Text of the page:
Strokes have been negatively affecting the general population’s health for decades. In fact, almost 800,000 Americans experience a stroke each year. If you break it down, that’s about one stroke happening every forty seconds. While strokes can cause death, it is possible to be a stroke survivor. However, many survivors continue to struggle with the lasting physical damage and negative side effects strokes can cause.

A stroke is a very serious medical emergency. With the possibility of happening at any age, place, and time, strokes are a danger to the old and young alike. However, you don’t have to live your life in fear of an impending stroke.

This month, take control of your health by learning how to prevent a stroke from happening. While there are some stroke risk factors you can’t control, there are ways to reduce your chance of having a stroke. In fact, 80% of strokes are preventable. Keep reading to learn how you can reduce your risk of stroke. Pay close attention, what you learn here could help save a life.

Lower Your Blood Pressure

If you have high blood pressure, you are doubling, even quadrupling your risk of stroke. It is important that your work with your doctor to monitor your blood pressure and get it under control. Ideally, you want to maintain a blood pressure that is less than 135/85, or in some cases less than 140/90.

High blood pressure is one of the leading causes of increased stroke risk in both men and women. Treating elevated blood pressure is one of the best things you can do to minimize your risk of stroke while simultaneously improving your vascular health.

There are a number of ways to achieve this, including:

  • Reduce your salt intake to no more than 1,500 mg a day. That’s approximately half a teaspoon of salt.
  • Avoid foods that are high in cholesterol, like fatty meats, refined grain products, and saturated fats.
  • Eat 4-5 servings of fruits and vegetables every day.
  • Consume 1 serving of fish 2-3 times every week.
  • Exercise for at least 30 minutes each day.
  • Quit smoking.

Following these healthy habits will lower your blood pressure and your risk of stroke.

Quit Smoking

Not only is smoking bad for your lungs, it can also accelerate clot formation. Smoking thickens your blood and causes plaque buildup to increase in the arteries. Ending your smoking habit is one of the best lifestyle changes you can make to reduce your risk of stroke.

You can achieve your goal of smoking cessation by doing the following:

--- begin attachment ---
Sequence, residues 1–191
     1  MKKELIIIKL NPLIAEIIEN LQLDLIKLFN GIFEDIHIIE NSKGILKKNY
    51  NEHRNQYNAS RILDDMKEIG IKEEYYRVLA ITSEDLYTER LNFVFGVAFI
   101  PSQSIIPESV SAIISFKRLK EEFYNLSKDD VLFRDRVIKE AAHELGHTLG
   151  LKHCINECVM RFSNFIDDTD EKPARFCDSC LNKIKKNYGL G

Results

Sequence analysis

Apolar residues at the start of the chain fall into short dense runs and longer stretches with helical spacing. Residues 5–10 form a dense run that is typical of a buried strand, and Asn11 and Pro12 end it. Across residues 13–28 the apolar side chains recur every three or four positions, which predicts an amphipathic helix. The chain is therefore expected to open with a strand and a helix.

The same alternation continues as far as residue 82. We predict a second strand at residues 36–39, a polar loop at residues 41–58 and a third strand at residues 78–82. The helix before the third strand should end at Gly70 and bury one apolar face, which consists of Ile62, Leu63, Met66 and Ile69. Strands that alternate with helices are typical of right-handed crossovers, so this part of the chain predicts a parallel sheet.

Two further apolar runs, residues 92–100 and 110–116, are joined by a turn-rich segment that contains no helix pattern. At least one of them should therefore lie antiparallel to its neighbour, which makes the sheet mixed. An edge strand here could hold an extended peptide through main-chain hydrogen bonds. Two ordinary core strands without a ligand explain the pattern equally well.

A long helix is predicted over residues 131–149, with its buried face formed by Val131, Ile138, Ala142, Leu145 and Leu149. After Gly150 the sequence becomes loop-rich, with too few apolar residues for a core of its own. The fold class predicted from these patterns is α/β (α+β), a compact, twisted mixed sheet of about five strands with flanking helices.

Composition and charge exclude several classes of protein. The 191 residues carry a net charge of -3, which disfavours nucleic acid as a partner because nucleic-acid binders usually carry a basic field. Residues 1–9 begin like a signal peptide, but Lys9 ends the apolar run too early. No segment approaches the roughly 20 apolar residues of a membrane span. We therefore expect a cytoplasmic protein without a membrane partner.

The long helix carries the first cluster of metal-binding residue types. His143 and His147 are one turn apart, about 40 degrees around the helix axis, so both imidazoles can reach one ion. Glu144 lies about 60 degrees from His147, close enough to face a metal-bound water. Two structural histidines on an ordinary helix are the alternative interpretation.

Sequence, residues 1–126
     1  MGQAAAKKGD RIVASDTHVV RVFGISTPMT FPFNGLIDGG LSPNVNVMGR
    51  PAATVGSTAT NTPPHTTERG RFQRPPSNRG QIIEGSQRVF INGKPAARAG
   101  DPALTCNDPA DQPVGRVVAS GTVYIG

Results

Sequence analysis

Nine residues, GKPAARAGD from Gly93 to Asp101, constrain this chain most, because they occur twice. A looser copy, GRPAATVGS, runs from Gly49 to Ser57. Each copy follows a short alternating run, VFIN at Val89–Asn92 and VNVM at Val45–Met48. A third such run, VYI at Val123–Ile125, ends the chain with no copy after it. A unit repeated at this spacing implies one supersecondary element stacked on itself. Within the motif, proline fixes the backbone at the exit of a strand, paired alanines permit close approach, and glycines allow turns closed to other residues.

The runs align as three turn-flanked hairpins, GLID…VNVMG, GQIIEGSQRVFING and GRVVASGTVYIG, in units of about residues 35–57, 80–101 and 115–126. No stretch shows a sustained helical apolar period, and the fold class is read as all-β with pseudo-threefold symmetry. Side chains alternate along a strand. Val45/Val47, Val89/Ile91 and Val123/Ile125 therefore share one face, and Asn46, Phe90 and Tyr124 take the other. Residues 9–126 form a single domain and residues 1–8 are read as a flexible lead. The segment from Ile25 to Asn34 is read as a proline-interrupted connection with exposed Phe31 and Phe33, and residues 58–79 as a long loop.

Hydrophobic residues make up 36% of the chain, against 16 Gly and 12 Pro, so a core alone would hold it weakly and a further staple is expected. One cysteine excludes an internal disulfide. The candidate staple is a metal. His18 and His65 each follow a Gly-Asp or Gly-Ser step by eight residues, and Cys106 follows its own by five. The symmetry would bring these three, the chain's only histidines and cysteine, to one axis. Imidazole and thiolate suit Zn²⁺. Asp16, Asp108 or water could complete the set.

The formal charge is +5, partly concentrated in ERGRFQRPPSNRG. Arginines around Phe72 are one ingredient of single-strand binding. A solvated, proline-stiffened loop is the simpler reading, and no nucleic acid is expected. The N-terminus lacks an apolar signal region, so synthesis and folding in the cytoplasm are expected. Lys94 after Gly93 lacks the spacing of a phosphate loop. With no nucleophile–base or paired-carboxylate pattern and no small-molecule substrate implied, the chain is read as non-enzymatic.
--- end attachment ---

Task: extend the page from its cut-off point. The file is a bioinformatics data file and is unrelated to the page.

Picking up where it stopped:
Consult with your primary doctor to figure out the most best way for you to quit.
Use effective quit-smoking aids like nicotine pills, medicine, or counseling.
Never give up. It takes many tries for most smokers to successfully quit. Each try is a step closer towards your goal of a healthier, longer life.

Exercise More

Adding exercise to your daily routine is a fantastic way to minimize your chances of having a stroke. In fact, it’s a great way to achieve a number of health goals. Not only does it help lower your blood pressure as previously mentioned, exercise also acts as an independent stoke reducer. Research shows consistent moderate exercise can reduce your risk of stroke by a whopping 27%.

The American Heart Association advises adults to get at least 150 minutes of moderate to intense exercise a week. Or, at the very least, 75 minutes of vigorous physical activity. Here are some activities you can try to increase the amount of exercise in your weekly routine:

  • Start a fitness group with friends.
  • Exercise to the level where you are breathing hard, but are still able to talk.
  • Add more movement in your daily routine, like taking the stairs instead of the elevator.
  • Take a stroll through the neighborhood after breakfast or during your lunch break.
  • Swim some laps at the local pool.
  • Explore local hiking trails.

Doing any of these activities on a regular basis is a smart way to meet your weekly exercise requirements.

Lose Weight

Being overweight can lead to a series of health problems, including high blood pressure, diabetes, and increased chances of having a stroke. Losing as little as 10 pounds can have a huge effect on your stroke risk. Speak with your primary health care physician to discuss a weight loss strategies and realistic, achievable weight loss goals. Once you start shedding those extra pounds, you’ll also start shedding your risk of stroke.

As you can see, there are a number of ways you can reduce your risk of stroke. You can decrease your chances of experiencing a stroke by living an active lifestyle, maintaining a healthy weight, and making health-conscious decisions. Protect yourself and the health of your loved ones practicing these healthy habits. Make sure to share this vital information with your friends and family. Together we can eliminate the threat of stroke in our community.

Want to learn more ways you reduce your chances of stroke? Speak to your local health care provider to address any questions or concerns you may have. If you live in Monterey County, consider reaching out to Visiting Nurse Association & Hospice. Their award-winning nurses are ready to help you achieve your health goals and reduce your chances of stroke.